In order to apply the changes to the Lower Thames Crossing planning application £362.5M additional cost has been added to the final estimated cost of the project.
In June the intended changes to the project’s planning application have been released by Highways England, which was in regard to traffic management, air quality control, noise, and vibration, as well as the impact of the new crossing on the environment and landscape.
They have been added to the project’s development consent order application after Highways England was forced to pull its original plans following feedback from the Planning Inspectorate in November last year.
The Office of Rail and Roads(ORR), has revealed the extra costs in its annual assessment of Highways England performance.
The ORR report adds: “The main cause of the forecast total outturn increase [on] the Lower Thames Crossing scheme [is] largely due to scope changes to meet safety/environmental requirements and address scope uncertainty.”
While the raised cost of this project assumes as the largest estimated cost on any Highways England scheme, it is believed that the project is still expected to come in within its projected cost window of £6.4bn and £8.2bn.
According to the ORR report, there is a significant concern for the delay in Highways England construction of the tunnel between Essex and Kent due to revisal in the planning application.
In accordance with Highways England plans, it is going to present a new application later this year to recommence the consent process and if this request got a positive response, the construction process is estimated to commence in 2024 and the time period of this process is almost six years, hence the expected date for opening this revised road will be between 2029 and 2030.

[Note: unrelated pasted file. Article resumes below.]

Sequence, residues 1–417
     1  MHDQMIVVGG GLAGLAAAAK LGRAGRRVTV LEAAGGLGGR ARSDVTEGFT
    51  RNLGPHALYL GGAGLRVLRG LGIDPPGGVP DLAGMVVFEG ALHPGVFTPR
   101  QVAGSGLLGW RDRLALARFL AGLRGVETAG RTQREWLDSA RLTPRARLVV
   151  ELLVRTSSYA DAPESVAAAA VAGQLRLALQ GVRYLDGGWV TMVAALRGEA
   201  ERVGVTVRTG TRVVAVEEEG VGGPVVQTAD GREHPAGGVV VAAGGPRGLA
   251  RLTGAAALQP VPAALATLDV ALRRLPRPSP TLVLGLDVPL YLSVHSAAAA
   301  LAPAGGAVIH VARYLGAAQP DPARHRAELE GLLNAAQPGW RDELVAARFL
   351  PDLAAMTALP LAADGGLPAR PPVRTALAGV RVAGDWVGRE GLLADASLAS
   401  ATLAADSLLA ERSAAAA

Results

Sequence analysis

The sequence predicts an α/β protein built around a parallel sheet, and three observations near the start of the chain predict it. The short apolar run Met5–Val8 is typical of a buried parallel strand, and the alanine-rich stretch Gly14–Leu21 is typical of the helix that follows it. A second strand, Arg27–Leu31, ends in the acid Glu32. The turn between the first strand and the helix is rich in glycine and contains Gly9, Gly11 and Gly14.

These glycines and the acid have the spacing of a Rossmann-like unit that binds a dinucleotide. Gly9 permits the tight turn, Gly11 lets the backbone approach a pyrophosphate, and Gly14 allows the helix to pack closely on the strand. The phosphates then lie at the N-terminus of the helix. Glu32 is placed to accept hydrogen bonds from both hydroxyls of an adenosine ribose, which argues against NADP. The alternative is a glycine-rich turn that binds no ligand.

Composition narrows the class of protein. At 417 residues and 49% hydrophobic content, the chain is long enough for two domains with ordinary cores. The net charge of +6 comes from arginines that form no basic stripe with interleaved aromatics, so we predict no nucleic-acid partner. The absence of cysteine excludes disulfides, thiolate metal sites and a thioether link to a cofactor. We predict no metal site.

Following completion of the original application, Palmer’s interview with NCE illustrated that he expected a new DCO application to be filed within 90 to 120 days, which would have seen the application resubmitted in March at the latest.
The failures in the planning application, did not stop Highways England’s procurement for the project.
A tunneling contract with the value of £2bn was confirmed by LTC in April 2021. The shortlist of proposers for this contract were: Bam Nuttall, Ferrovial Construction and Vinci Construction Grands Projets (BFV JV); Bouygues Murphy Joint Venture (BMJV); and Dragados-Hochtief Joint Venture (DH JV).
Late March was the date of releasing the tender documents for the two roads contracts including the £1.2bn roads north package and the £600M Kent roads section.